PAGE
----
By: Maggie Young
Good friends can provide endless joys and support in life – and no, we’re not just talking about those emotional heart-to-hearts at your favorite weekly brunch spots. Cultivating deep friendships is important and goes beyond agreeing to play wing-woman when all you really want to do is take a nap. (Though we agree that’s pretty selfless on your part.) We want to help you deepen those friendships, so they continue thriving for decades to come. Keep reading to find out how to be a better friend. It’s a lot easier than you think.
Staying quiet and listening to others always rises to the top of the list when it comes to improving any type of relationship. And it makes sense. “People appreciate those who are understanding and kind and they like to feel like they are being heard and that what they have to say matters,” says Lauren Roberts, a licensed professional counselor. “Empathy embodies all of those things.” This is important not only when your friend is divulging serious information, but also during casual conversation.
To improve your listening abilities, try reflective listening. After listening to your friend, repeat back to them what you understood or interpreted from what they said. This reflection offers the other person an opportunity to correct or elaborate further. Roberts notes this can continue until what you’re reflecting matches what they are saying. In addition, use eye contact and avoid interrupting or interjecting with solutions when they aren’t requested.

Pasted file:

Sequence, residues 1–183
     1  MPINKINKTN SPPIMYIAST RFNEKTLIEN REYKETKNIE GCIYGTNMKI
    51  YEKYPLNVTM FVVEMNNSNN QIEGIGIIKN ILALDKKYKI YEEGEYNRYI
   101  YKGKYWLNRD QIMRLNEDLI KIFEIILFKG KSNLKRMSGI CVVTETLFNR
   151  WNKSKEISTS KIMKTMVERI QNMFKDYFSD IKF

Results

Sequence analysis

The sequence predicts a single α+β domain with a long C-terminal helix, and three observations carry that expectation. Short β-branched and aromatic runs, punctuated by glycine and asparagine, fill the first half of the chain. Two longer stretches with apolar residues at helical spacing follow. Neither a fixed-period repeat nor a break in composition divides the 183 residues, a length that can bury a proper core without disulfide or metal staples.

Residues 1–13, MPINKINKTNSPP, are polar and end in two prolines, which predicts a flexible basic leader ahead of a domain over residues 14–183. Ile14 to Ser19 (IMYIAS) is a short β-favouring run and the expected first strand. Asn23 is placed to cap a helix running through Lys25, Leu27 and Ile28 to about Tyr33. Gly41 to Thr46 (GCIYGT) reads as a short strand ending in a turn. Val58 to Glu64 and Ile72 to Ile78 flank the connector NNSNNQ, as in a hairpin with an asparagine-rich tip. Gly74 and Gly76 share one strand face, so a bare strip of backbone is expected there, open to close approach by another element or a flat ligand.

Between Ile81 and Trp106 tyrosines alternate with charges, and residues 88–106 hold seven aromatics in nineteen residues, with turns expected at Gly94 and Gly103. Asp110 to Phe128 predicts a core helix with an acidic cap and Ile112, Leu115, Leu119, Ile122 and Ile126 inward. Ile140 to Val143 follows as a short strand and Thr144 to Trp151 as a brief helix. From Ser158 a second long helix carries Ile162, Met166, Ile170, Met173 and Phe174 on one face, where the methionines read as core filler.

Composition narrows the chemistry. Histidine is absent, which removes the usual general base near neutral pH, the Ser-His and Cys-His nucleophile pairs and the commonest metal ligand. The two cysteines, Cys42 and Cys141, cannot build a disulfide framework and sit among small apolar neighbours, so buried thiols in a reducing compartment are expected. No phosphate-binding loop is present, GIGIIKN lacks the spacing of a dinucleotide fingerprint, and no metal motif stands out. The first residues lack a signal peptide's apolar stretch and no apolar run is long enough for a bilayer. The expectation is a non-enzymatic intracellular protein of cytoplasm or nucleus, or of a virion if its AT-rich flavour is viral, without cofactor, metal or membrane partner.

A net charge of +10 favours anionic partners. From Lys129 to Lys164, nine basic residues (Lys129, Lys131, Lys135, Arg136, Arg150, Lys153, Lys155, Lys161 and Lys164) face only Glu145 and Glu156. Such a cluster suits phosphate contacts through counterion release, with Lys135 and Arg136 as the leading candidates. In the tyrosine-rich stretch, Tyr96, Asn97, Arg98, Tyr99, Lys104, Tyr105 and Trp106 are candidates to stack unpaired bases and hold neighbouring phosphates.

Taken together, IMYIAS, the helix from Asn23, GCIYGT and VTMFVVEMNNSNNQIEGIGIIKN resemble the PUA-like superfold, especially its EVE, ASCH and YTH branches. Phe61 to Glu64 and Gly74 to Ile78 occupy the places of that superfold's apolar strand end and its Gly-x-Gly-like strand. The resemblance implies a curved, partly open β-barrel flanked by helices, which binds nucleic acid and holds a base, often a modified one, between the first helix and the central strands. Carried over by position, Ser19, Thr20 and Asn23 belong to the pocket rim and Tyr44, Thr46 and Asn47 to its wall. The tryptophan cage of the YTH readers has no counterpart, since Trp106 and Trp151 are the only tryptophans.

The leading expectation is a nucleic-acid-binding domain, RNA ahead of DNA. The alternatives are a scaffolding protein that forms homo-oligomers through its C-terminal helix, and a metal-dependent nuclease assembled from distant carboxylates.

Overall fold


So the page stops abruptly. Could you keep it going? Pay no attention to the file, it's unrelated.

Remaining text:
It’s easy to let other aspects of our lives slide when our schedules are jam-packed but try and keep in touch with your closest friends. “Communication is probably the number one thing you can do to ease any tension in the relationship that might come up when we are busy,” says Roberts. You can check in and chat with your friend to let them know what’s going on and that it’s going to be temporary. Ensure that their friendship is important to you and that you want to make time for them as soon as your hectic workload comes to an end. Roberts also notes that you can always send a quick text or post on their social media to let them know you’re thinking of them.
The Five Love Languages, developed by Gary Chapman, was originally meant for romantic relationships, but Roberts says they also translate well to friendships. The languages consist of Words of Affirmation, Quality Time, Acts of Service, Gift Giving and Physical Touch. Roberts says the idea is that everyone tends to receive love in one of these five ways.
Authenticity creates genuine connection, which is what strengthens relationships. “Willingness to be vulnerable with your friends is important,” says Roberts. “Allow them to see your best and worst moments.” Others are drawn to and appreciate it when you’re being real with them. In that same vein, approach your friendships with a forgiving nature. Everyone is human and slips up at times, and it means a lot to hold a space for imperfection and growth (no grudge-holding). “When they need you, show up and show support,” says Roberts. “Actions speak louder than words in this case.”